I've never understood how a guy could offer up daily trade recommendations on talk radio, yet have no idea how to complete a deal as a fantasy general manager. The latter clearly isn't as easy as dialing up a phone number, but three simple steps can get the job done:
1.) Understand the strengths and weaknesses of your roster. If your team can't afford to give up anyone of value, then stop kidding yourself: You're not going to get a deal done.
2.) Find a rival who needs what you can offer, and who can offer what you need. The former is as important as the latter. Don't go after someone's running back if that guy needs a quarterback, but all you have to offer is a wide receiver.
3.) Never send out a league-wide message announcing one of your guys is on the trade block. That effectively cuts his value in half.
Of course, the best way to make a deal is to dangle an attention-grabbing name. That lets your potential trade partner know you're serious about getting something done. This week I suggest four trades, all of which are schedule-friendly and include at least one intriguing name.
Steal him/Deal him
Why Rodgers? Because nobody's schedule in the next six games (Vikings, Jets, Cowboys, Vikings, Falcons, 49ers) is as drastically more difficult than his first six games (Eagles, Bills, Bears, Lions, Redskins, Dolphins) in terms of pass defenses faced. And he'll throw at this brick wall basically without a running game to support him.
McCoy's upcoming schedule of run defenses (Titans, Colts, Redskins, Giants, Bears, Texans) is so much easier than Turner's (Bengals, Buccaneers, Ravens, Rams, Packers, Buccaneers), it will be no surprise if he outscores the Atlanta standout during your run to the playoffs. Getting Bowe and Kansas City's cream puff schedule over that stretch is just icing on the cake.
Trade Michael Vick and DeSean Jackson for Knowshon Moreno and Hakeem Nicks. The key here is finding a rival who slobbers over hook-ups and is thinking long-term, because Vick and Jackson obviously aren't going to help you anytime soon. But I like the big picture as much as the snapshot, as the Eagles' schedule becomes much easier to run against (note the aforementioned McCoy acquisition) than pass against. Meanwhile, look for Moreno to be a second-half sleeper as he faces a soft collection of run defenses that will be even softer as they devote five and six defenders to stopping Denver's powerful passing game.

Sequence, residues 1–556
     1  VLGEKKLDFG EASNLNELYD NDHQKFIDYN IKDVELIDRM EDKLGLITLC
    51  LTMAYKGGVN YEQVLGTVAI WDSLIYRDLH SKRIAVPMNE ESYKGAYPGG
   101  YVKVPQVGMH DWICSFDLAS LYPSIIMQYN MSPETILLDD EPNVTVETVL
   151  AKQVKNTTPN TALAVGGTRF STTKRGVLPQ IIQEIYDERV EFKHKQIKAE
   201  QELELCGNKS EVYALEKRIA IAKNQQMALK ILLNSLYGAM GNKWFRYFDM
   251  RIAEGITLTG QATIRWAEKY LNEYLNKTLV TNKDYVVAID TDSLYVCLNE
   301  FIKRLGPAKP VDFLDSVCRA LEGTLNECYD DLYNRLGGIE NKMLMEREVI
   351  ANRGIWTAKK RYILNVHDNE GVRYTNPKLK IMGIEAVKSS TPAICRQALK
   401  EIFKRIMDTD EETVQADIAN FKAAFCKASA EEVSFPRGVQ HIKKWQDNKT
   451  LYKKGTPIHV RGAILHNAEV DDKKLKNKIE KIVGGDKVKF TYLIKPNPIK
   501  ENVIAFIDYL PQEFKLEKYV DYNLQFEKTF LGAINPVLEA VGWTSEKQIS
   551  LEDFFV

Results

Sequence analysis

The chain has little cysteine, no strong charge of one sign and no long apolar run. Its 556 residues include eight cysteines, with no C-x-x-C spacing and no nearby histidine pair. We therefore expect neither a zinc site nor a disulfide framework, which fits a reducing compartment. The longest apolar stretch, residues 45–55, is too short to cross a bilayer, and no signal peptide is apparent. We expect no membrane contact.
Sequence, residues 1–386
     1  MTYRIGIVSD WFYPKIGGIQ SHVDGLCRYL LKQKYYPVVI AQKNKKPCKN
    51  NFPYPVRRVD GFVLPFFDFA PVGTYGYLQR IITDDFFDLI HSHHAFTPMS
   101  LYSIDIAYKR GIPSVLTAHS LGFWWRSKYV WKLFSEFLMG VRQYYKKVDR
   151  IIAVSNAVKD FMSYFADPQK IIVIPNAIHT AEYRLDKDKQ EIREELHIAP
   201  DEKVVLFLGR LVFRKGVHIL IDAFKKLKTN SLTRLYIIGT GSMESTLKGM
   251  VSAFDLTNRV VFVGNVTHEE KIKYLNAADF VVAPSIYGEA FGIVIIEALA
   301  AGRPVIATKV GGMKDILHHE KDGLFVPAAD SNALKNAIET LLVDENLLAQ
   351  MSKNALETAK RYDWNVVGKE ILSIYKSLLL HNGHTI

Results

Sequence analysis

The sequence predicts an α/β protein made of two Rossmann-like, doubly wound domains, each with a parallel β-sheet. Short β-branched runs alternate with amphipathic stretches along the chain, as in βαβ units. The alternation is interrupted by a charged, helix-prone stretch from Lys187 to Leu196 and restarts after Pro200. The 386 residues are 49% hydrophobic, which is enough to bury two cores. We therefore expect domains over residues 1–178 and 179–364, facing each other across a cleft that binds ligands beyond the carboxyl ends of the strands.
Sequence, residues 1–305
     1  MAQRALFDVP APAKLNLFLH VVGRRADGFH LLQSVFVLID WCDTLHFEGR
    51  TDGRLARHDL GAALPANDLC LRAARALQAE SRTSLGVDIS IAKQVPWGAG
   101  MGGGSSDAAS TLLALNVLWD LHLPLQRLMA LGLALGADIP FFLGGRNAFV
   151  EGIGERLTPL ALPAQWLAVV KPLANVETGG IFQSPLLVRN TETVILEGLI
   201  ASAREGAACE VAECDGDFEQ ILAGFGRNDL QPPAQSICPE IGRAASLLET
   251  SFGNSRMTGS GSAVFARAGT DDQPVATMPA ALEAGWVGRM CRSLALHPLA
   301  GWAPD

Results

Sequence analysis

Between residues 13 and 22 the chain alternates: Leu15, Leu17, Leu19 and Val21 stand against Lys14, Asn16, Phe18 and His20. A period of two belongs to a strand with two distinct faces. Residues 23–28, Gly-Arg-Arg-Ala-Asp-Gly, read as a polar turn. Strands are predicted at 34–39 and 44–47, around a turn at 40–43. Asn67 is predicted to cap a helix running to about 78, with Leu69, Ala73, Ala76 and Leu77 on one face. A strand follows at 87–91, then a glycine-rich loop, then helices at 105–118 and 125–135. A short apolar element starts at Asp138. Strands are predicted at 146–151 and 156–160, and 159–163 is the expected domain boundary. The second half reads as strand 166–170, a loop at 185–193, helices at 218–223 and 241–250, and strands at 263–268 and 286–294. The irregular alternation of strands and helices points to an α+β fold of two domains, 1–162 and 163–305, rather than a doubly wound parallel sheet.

Trade Ronnie Brown, Ahmad Bradshaw and Pierre Garcon for Calvin Johnson. Ah, quantity for quality, the ideal fantasy swap. And here's the best part: I have to believe your rival will think this is a joke, with you giving up three legitimate fantasy starters for a guy who has struggled a bit this season. So the key will be in convincing this rival you're serious without tipping him off to Miami's monster upcoming schedule (you flat-out cannot start Brown in most of these games). That leaves you surrendering two guys you drafted as backups for a legitimate star in Johnson, who goes up against three of the league's worst pass defenses (Redskins, Bills, Patriots) in his next five games.
Play him/Sit him
Tim Tebow, QB, Broncos. If I taught you anything last week (remember the Buster Davis tout?), it was to be bold. This, my friends, is bold. But I see the Broncos scoring at least four touchdowns against the Raiders, and Tebow has become the team's chief weapon inside the 5-yard line. So give him two touchdowns ... it sure beats what Donovan McNabb is going to do in Chicago.
Donovan McNabb, QB, Redskins. Did I say McNabb? Yes, I did. The only way the Redskins are going to win in Chicago is to force Cutler into mistakes and play keep away on offense. New back Ryan Torain makes the latter a possibility. The Bears are far better against the pass than against the run, so this opens the door for a very conservative game plan.
Thomas Jones, RB, Chiefs. Yeah, I know. You've seen his name here before. And you're going to keep seeing it here as long as: A.) Fantasy owners are unconvinced he should be starting, and B.) The Chiefs keep playing awful run defenses like those of the Texans (last week) and Jaguars (this week). No team's offense is more predictable -- the Chiefs will run, run, run until they fall behind, then pass, pass, pass. Against the Jaguars, they might never fall behind.
Brandon Jacobs, RB, Giants. The bullish Giants back is making a nice comeback after a rather embarrassing early-season effort. It's gotten to the point where, in many fantasy leagues, both he and Bradshaw are starting. Uh, that's asking for double trouble this week in Dallas. The Cowboys are so strong against the run, I'd have to consider sitting Bradshaw. I guess that tells you what I'd do with his backup.
Earl Bennett, WR, Bears. It's taken six weeks, but the Bears' passing game is starting to come into focus. Johnny Knox has become an every-week fantasy starter, Devin Aromashodu should be waived and Devin Hester can only help you if you employ the Bears' defense/special teams. That leaves Bennett, who has played his way not only into the Bears' lineup, but also onto fantasy rosters. The next step is to find the right matchups (like Sunday's against the Redskins) and give him a fantasy shot.
Dez Bryant, WR, Cowboys. There's something to be said about being the guy who "discovered" a fantasy star. If you drafted the talented Bryant, no doubt you envisioned him bursting onto the fantasy scene as your rivals asked, "How'd he know about him?" Well, that hasn't happened. It still might, but until Bryant has his next big game, you have to sit him. Look at it this way: If he breaks out this week while you have him on the bench, you can feel good about getting him back into the lineup next week.